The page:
Late last night, the House Rules Committee decided not to include two proposed direct-shipping amendments as part of HR1501, which is scheduled to be voted on by the full House later this week. Two groups of legislators had introduced competing amendments, with each side claiming that its approach would best prevent minors from purchasing alcohol over the Internet and having it shipped to them.
"We're pleased with the outcome for now," said Tom LaFaille, legislative counsel for Rep. Mike Thompson, D-Calif., who has been fighting to address the underage drinking issue in a way that would not restrict consumers' access to hard-to-find wines or hurt small wineries' ability to do business. "But it's one of those issues that's not going to die."
In recent months, Congress has become a major battleground in the economic war between alcoholic-beverage wholesalers and people who want to sell or buy wine, beer and spirits over the Internet, by phone or by mail-order.
The Senate approved restrictions on direct shipments as part of the juvenile-justice bill in late May. Now, differences between the Senate and House versions of the bill must be worked out in conference committee. In addition, separate direct-shipping bills are pending in the House.
Last week, Rep. Joe Scarborough, R-Fla., and three cosponsors introduced a bill, HR2031, calling for federal courts to enforce state bans on interstate direct shipments of alcohol. Like the nearly identical Senate amendment backed by Sen. Robert Byrd, D-W.Va., the Scarborough bill is endorsed by wholesalers, whose businesses may be threatened by the growth in direct sales of wine.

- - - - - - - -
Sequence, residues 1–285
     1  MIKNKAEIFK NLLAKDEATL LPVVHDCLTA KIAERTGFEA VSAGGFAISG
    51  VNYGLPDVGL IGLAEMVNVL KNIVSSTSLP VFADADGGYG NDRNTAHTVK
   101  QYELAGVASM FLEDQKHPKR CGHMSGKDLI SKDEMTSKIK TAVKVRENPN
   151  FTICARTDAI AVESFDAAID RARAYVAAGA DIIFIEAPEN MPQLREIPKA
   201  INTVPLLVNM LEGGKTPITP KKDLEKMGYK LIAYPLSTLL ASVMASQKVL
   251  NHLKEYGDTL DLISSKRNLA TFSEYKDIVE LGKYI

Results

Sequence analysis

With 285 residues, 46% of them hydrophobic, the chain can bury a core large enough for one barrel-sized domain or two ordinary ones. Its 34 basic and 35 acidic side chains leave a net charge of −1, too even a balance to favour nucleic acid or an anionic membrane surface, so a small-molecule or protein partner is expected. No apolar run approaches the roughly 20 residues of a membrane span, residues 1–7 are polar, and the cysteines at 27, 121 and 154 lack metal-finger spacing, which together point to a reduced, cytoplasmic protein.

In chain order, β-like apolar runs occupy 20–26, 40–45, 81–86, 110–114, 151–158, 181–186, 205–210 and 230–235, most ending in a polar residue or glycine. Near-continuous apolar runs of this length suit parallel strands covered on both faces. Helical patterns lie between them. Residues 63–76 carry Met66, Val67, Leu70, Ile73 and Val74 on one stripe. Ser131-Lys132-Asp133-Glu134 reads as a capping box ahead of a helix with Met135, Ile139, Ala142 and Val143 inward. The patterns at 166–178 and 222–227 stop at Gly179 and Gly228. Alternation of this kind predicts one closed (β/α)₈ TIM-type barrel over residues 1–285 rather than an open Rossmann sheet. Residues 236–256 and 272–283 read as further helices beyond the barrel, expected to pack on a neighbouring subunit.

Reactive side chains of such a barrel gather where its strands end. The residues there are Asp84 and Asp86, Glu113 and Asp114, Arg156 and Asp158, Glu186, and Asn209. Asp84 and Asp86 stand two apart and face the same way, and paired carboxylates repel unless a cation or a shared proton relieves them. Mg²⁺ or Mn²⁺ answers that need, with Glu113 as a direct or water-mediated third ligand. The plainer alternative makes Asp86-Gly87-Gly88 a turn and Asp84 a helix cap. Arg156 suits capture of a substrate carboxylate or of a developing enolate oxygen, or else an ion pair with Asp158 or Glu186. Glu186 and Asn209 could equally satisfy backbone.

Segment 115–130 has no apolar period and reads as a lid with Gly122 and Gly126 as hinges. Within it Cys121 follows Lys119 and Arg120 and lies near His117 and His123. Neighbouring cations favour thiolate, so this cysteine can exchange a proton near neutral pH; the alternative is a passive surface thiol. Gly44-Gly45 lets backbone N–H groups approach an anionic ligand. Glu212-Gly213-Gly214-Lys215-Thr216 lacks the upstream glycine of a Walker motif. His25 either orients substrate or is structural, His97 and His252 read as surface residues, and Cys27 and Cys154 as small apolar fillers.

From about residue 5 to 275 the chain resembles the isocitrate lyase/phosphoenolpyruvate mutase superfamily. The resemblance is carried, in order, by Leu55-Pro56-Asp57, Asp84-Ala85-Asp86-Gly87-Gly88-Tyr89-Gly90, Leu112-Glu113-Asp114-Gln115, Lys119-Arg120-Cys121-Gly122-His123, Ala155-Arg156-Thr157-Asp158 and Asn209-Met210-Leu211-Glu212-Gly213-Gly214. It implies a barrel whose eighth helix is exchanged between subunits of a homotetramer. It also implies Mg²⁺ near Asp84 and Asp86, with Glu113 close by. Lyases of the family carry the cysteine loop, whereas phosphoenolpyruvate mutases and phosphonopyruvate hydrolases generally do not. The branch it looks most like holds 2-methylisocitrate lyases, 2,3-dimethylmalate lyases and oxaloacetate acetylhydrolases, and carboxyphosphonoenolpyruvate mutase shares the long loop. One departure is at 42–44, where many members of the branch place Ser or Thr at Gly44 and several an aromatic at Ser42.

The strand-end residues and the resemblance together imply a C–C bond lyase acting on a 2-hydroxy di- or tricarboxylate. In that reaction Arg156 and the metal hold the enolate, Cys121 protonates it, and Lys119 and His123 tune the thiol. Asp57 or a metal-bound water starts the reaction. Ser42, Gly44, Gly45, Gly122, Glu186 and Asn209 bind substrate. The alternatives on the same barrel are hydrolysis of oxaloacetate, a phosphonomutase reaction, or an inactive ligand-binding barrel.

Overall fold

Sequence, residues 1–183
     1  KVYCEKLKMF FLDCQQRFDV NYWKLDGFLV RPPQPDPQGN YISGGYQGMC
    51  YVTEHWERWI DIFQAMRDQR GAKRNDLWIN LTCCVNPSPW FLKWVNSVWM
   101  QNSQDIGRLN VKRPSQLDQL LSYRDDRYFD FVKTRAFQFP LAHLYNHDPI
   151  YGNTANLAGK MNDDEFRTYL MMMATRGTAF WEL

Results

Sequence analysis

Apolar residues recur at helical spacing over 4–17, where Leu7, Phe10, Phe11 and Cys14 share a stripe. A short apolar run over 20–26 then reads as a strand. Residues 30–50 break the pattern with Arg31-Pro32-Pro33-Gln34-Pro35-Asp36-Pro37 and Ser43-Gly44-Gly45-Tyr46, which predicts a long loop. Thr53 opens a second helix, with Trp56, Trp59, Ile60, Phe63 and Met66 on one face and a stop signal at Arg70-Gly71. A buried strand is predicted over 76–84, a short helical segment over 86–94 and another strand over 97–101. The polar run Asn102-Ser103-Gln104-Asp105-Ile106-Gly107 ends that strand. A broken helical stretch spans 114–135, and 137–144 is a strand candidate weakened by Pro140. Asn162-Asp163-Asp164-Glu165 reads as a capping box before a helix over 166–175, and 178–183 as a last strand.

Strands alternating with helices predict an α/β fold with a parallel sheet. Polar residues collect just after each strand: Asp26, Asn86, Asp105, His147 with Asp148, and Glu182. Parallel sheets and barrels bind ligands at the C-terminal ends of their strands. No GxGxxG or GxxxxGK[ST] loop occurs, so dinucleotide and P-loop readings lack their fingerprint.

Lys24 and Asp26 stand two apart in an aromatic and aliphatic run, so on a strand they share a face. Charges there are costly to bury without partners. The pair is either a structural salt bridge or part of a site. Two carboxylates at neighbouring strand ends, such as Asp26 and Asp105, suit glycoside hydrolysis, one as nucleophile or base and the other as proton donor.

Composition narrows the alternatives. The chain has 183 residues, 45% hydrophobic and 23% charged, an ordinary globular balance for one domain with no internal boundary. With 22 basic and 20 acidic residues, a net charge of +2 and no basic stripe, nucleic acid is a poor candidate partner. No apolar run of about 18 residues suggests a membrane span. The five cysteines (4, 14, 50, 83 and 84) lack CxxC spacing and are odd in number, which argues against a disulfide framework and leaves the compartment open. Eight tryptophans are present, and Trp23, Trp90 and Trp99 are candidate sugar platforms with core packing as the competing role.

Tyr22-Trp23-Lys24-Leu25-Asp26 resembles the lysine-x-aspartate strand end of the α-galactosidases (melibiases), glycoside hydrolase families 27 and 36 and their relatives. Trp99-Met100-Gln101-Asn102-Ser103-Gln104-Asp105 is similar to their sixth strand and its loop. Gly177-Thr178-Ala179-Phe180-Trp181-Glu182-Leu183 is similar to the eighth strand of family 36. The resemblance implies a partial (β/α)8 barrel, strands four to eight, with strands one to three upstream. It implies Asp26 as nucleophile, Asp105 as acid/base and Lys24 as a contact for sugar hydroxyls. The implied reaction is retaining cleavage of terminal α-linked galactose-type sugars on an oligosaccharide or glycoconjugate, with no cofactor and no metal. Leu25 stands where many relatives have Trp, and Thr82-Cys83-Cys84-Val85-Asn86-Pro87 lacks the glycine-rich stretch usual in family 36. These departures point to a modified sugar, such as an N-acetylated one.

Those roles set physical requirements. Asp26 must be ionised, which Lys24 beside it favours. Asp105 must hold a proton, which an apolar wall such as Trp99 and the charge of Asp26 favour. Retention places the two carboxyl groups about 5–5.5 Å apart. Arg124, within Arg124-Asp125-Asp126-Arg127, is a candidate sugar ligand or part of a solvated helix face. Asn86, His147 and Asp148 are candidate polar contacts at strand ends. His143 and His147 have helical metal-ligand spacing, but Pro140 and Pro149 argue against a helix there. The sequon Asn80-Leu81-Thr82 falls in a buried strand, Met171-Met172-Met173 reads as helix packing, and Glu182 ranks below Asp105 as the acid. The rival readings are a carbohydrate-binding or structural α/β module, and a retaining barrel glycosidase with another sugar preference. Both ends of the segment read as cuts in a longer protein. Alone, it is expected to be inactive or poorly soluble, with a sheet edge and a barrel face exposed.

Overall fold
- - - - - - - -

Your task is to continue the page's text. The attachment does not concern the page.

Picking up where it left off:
When Scarborough tried to attach his bill as an amendment to the juvenile-justice bill, Thompson and Rep. George Radanovich, R-Calif., introduced their own counterproposal. Similar to the Senate-approved version crafted by Sen. Dianne Feinstein, D-Calif., their amendment would have allowed wineries to ship directly to consumers as long as packages of alcohol are clearly labeled and package carriers check the recipient's age before delivering the product.
Supporters of this approach, including winery trade groups such as the Wine Institute and Free the Grapes!, were not that dismayed that the Thompson-Radanovich amendment was not accepted. "The Republican leadership knows that this is an industry dispute and chose to not have it spill out onto the House floor," said Robert Koch, senior vice president in the Wine Institute's Washington office. "The juvenile-justice bill is controversial enough, and therefore we're pleased that the leadership recognizes what's truly going on here." However, he stressed that the group's fight to preserve direct shipping was far from over.
Scarborough is now trying to move ahead quickly with his free-standing bill; his spokesman said that one option is to get the legislation put on the suspension calendar, which means it would go directly to the House floor without going through the committee process.
Meanwhile, as the House Rules Committee was debating the amendments yesterday, Rep. Robert Ehrlich, R-Md., finally unveiled his long-anticipated direct-shipping bill. His "State's Responsible Alcohol Access Enforcement Act," HR2094, is also intended to crack down on illegal Internet sales of wine.
Like the Byrd and Scarborough amendments, Ehrlich's bill would give states the power to seek federal injunctions to stop interstate shipments of alcohol that violate their laws. In addition, it calls for a Federal Trade Commission study to determine whether alcoholic-beverage marketing and advertising is linked to underage drinking.
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